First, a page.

Day 37: Sausage & Egg HK Muffin

Day 37: Sausage & Egg HK Muffin

inspired by Hawksmoor

I guess this is a post about my breakfast. Inspired by a breakfast. Which in turn was inspired by a breakfast.

In all honesty I’ve never been that fussed about a McDonanlds breakfast. For the simple reason that I don’t really want to go in there before 10am. For me McDonalds is reserved for late at night, heading home after a night out, suddenly able to eat 20 chicken nuggets all by yourself, kind of moments. And I am partial to a Big Mac from time to time. But breakfast? Not for me thanks.

But the Hawksmoor version, the HK Muffin, now that I can get on board with!

But why, when inspired by a steak restaurant, am I not cooking steak? Not even a bit of cow in sight…

Partly it’s because Hawksmoor will do it better. Fact. No point trying. I’ll cook myself steak at home, but I don’t want the pressure of trying to emulate a restaurant.

But the real reason is this post isn’t about steak. It’s not really about Hawksmoor (sorry Hawksmoor, I love you really).

What I really want to write about is cheese.

We are all aware of how the lockdown has affected restaurants. What is less easy to see is how it’s affecting their supply chains. British cheesemakers across the country found the demand for their products almost disappeared overnight. These artisan producers don’t sell their cheeses in big supermarkets.

They mainly sell to restaurants.

It was a piece written by Jenny Linford (a London based food writer) titled British Cheese Crisis that I found on Twitter that made me realise this. I hadn’t thought about how far reaching the effects of restaurants shutting down were.

As it happens I’m reading about cheese at the moment.

“A Cheese Mongers History of the British Isles” by Ned Palmer

Don’t laugh. Aidan bought this for me as an attempt to improve my knowledge of history (which is shamefully bad, I admit). I’m not sure how much history is sinking in. But I am learning a lot about cheese.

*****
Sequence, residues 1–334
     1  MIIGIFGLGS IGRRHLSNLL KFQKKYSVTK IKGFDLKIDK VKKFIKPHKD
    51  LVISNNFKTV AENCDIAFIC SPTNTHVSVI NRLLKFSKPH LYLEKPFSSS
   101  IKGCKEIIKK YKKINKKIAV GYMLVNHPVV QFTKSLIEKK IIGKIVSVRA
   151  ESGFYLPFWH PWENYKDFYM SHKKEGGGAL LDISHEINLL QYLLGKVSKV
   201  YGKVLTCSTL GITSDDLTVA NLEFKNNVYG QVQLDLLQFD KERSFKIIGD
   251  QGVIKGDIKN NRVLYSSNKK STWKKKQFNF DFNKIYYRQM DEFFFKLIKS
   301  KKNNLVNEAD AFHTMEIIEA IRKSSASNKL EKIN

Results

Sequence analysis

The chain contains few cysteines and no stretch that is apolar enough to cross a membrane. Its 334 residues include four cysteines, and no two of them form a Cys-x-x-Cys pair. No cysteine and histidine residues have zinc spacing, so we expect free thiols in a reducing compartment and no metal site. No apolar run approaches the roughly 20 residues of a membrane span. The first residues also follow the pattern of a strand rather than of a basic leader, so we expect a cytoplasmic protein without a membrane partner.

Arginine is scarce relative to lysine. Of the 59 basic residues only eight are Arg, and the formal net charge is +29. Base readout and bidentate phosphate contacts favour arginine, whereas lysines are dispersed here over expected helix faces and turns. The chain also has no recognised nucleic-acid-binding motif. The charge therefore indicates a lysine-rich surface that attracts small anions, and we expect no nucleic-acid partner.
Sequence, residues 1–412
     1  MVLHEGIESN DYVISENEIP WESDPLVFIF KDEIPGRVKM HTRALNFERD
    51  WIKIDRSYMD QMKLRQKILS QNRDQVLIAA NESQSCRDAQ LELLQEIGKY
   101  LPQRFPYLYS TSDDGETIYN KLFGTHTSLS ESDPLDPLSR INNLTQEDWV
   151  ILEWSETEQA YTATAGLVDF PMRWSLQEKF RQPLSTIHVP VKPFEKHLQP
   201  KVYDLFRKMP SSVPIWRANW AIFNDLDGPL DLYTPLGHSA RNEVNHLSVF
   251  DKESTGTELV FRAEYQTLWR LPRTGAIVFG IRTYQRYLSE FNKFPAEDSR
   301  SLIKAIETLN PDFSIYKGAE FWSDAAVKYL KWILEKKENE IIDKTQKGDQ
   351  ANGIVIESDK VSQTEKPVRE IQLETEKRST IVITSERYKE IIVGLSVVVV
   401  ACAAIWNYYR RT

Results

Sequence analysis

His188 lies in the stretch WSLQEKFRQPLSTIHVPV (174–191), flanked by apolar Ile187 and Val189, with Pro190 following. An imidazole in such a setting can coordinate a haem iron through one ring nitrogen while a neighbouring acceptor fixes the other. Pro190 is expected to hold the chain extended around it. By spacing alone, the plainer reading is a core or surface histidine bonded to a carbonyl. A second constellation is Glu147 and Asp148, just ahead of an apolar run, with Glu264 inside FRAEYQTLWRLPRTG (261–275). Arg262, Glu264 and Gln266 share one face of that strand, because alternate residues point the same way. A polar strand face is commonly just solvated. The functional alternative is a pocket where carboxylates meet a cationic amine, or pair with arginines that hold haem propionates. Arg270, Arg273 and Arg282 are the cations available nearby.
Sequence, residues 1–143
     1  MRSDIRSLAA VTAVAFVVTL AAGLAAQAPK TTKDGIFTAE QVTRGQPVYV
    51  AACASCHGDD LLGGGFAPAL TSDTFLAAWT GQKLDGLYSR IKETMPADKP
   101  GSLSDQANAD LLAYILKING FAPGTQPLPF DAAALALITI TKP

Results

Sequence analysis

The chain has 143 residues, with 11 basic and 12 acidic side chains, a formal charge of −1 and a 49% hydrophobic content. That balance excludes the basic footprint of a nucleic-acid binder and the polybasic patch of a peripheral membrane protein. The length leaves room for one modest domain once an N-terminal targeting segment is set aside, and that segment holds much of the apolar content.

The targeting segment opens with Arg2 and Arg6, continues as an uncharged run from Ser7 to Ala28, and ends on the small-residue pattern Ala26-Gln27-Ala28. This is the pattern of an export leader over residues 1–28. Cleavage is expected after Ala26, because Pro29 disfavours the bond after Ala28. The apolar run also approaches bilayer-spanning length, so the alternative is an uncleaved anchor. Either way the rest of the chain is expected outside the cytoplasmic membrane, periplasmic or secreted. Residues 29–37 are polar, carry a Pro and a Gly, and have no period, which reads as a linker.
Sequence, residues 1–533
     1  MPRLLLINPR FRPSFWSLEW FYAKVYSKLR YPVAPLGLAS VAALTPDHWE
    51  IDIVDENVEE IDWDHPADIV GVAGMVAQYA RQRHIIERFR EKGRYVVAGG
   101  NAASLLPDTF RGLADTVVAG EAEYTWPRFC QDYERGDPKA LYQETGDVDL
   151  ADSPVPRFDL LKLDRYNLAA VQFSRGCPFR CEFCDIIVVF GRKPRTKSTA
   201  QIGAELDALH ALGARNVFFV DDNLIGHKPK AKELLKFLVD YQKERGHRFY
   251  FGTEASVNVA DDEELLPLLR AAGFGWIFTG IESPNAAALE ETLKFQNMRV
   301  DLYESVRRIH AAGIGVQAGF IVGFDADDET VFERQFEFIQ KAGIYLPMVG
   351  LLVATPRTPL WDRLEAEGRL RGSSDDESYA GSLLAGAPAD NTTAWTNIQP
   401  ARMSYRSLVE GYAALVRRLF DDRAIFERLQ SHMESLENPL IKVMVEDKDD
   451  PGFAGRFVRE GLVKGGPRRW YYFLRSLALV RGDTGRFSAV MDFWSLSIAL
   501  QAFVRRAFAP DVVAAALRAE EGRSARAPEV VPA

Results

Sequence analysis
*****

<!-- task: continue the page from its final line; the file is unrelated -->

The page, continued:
But reading about cheese means one thing. I want to be eating a lot of cheese.

Specifically I want to be eating some of the cheese Ned talks about. So far I’ve been nibbling on a bit of supermarket cheddar when reading. It’s just not good enough.

So last week I cracked and went off to the Neals Yard website. Usually I would go to their shop in Borough Market. Cheese heaven! But a bit of time on their online shop reveals that I can order a few of the cheeses I’ve read about so far. They have a £25 minimum spend and they will deliver straight to my door. Three big chunks of cheese and I’m nearly at £25.

I pause. £25 on cheese.

As someone who is unemployed for the foreseeable future should I really be spending money on cheese?

I think about it. That is less than a weeks travel in London. A weekly travel card is £42.40. And I am not travelling at all. In fact it’s been nearly six weeks (really, six?) since I got on any form of public transport. So that is a saving of £254.40.

I put another cheese in my online basket. And that cheese is Ogleshield.

Made in Somerset this cheese is unique as it is made out of only Jersey cow’s milk. But that’s not the reason I want some. The reason I want some is my Hawksmoor at Home cookbook. Which has Ogleshield in quite a few of it’s recipes. Including the HK Muffin.

So back to where this started. My breakfast. The cheese has been in the fridge for days. I have been looking forward to this.

The recipe is simple enough. Form some sausage meat into a patty and grill or pan fry. Add a generous slab of Ogleshield on top and let it melt. Pop into a toasted muffin with a fried egg and enjoy.

Perhaps not the healthiest start to the day but I’m not feeling any guilt.

Nor do I feel bad about spending money on cheese.

In fact, as Jason Hinds (Director of Neals Yard Dairy) says in their blog

“That the milk, butter, bread and cheese we sell here are more expensive than those you find in the supermarket does not make them any less essential. The difference is, you are sustaining practices like good animal welfare, regenerative agriculture.” This distinction – between ‘luxuries’ and ‘essentials you pay more for because they support a sustainable food system’ – is one that needs to be clarified, and urgently, he continues. “If you are buying eggs, veg and milk because they are cheap, you aren’t sustaining anything,” he says, “beyond corporate greed and big business.” 

So from now on I’m going to try and find more British farmers, food producers and small businesses to support.

All for less than the price of a weeks travel. Bargain.



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